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153
Extending Sledgehammer with SMT Solvers
"... Abstract. Sledgehammer is a component of Isabelle/HOL that employs firstorder automatic theorem provers (ATPs) to discharge goals arising in interactive proofs. It heuristically selects relevant facts and, if an ATP is successful, produces a snippet that replays the proof in Isabelle. We extended Sl ..."
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Cited by 47 (12 self)
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Abstract. Sledgehammer is a component of Isabelle/HOL that employs firstorder automatic theorem provers (ATPs) to discharge goals arising in interactive proofs. It heuristically selects relevant facts and, if an ATP is successful, produces a snippet that replays the proof in Isabelle. We extended Sledgehammer to invoke satisfiability modulo theories (SMT) solvers as well, exploiting its relevance filter and parallel architecture. Isabelle users are now pleasantly surprised by SMT proofs for problems beyond the ATPs ’ reach. Remarkably, the best SMT solver performs better than the best ATP on most of our benchmarks. 1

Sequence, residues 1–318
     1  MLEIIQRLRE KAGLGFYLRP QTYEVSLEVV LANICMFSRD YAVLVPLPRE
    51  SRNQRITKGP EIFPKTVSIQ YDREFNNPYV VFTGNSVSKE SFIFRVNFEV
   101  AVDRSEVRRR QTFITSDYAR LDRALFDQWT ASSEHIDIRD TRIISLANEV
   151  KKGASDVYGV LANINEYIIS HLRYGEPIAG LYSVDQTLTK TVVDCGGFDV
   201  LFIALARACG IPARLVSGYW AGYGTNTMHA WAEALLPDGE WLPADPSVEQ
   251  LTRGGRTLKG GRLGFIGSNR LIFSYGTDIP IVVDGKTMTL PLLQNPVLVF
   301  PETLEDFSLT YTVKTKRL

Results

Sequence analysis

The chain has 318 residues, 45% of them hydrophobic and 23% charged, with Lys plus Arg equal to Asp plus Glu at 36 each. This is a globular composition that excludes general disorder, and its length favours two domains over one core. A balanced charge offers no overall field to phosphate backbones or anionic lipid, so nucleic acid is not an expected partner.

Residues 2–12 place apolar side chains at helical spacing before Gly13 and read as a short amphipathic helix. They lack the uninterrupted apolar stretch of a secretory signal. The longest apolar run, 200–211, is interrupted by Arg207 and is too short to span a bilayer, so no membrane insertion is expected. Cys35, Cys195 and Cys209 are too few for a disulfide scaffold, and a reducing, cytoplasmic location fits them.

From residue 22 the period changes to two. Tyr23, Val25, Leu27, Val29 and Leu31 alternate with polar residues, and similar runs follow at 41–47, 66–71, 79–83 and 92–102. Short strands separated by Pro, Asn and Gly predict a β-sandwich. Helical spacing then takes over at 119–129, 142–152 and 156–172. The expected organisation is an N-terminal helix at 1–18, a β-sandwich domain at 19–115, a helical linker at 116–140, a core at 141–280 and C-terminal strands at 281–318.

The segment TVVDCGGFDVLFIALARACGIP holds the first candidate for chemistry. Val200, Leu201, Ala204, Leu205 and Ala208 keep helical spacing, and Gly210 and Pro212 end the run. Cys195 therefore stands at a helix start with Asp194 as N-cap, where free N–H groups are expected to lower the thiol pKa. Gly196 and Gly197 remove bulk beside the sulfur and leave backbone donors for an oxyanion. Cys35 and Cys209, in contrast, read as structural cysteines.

Decision procedures for algebraic data types with abstractions.
 In POPL’10,
, 2010
"... Abstract We describe a family of decision procedures that extend the decision procedure for quantifierfree constraints on recursive algebraic data types (term algebras) to support recursive abstraction functions. Our abstraction functions are catamorphisms (term algebra homomorphisms) mapping alge ..."
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Cited by 37 (15 self)